The trial judge agreed that Quon had a reasonable expectation of privacy in the text messages, but held a jury trial to determine Scharf’s intent. The jury determined that Scharf’s investigation was to determine the efficacy of the character limit – not to determine whether Quon was wasting time while on-duty. Thus, that the search was reasonable.
Quon appealed to the Ninth Circuit Court of Appeals, which agreed with the trial judge that the employees had a reasonable expectation of privacy. However, the Ninth Circuit rejected the trial judge’s finding on the reasonableness of the search overall, stating that, while the purpose of the search was to verify the efficacy of the 25,000 character limit, the purpose of the investigation could have been achieved by less-intrusive means (i.e., warning Quon, asking him to count the characters himself, or asking him to redact personal messages and grant permission to the department to review the redacted transcript).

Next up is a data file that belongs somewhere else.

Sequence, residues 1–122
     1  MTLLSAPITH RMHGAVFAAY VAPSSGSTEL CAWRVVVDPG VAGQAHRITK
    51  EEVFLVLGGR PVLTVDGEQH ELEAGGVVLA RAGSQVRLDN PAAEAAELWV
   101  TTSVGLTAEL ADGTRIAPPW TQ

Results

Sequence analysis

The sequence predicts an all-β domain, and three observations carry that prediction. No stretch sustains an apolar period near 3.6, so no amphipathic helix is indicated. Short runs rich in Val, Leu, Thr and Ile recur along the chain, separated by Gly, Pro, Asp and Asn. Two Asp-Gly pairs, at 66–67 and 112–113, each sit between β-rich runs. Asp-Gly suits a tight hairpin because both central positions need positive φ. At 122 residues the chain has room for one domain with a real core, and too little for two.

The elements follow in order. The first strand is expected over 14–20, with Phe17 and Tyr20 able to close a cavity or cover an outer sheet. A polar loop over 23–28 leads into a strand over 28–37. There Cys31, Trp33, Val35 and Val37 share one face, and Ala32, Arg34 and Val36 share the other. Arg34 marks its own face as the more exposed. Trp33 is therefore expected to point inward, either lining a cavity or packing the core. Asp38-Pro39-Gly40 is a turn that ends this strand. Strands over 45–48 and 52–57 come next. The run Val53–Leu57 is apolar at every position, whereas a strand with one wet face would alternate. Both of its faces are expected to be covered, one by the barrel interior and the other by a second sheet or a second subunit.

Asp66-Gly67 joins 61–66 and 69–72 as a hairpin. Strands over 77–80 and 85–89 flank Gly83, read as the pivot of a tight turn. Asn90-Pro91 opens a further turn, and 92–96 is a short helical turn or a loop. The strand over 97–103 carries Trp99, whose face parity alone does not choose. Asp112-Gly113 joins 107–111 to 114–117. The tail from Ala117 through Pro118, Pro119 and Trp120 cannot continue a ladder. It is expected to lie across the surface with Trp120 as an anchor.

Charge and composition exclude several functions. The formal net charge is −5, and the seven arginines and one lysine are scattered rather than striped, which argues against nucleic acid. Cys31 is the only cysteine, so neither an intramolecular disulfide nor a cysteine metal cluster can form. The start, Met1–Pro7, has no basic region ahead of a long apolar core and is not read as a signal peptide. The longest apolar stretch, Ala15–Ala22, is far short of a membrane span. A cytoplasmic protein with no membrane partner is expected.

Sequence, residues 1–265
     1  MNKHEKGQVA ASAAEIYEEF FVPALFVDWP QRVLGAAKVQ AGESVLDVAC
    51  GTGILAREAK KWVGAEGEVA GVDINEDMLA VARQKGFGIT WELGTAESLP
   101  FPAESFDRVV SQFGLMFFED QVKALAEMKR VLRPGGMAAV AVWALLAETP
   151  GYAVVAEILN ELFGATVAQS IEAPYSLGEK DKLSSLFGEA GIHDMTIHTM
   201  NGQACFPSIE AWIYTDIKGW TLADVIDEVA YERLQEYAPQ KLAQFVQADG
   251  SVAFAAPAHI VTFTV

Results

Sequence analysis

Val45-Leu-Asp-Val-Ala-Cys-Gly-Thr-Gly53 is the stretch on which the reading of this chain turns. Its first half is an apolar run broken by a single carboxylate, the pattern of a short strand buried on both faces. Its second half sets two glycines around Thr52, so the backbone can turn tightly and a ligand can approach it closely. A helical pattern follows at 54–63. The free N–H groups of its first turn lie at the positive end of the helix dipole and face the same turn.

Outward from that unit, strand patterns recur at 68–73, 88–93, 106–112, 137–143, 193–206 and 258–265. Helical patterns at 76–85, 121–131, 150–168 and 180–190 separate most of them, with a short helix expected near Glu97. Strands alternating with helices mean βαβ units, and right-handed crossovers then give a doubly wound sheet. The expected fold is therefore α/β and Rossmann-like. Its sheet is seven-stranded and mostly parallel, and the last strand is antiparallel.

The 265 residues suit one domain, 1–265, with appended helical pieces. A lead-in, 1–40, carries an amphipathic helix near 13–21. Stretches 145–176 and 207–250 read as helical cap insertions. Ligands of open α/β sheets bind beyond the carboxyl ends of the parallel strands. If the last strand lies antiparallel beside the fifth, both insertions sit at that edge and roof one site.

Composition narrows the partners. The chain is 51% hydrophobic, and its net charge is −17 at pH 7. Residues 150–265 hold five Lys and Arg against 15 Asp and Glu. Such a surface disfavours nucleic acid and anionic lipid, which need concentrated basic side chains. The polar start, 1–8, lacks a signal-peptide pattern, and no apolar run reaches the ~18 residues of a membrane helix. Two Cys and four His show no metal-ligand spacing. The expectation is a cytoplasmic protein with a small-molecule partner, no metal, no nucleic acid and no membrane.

Justice Kennedy started his analysis cautiously, stating that “A broad holding concerning employees’ privacy expectations vis-à-vis employer-provided technological equipment might have implications for future cases that cannot be predicted.” Because “[t] he judiciary risks error by elaborating too fully on the Fourth Amendment implications of emerging technology before its role in society has become clear,” the Court opted to “dispose of this case on narrower grounds.” As a result, the Court assumed that Quon had a reasonable expectation of privacy in the text messages, that the city’s review of the transcript constituted a search within the meaning of the Fourth Amendment, and that the principles applicable to a government employer’s search of an employee’s physical office apply to an electronic intrusion of privacy as well.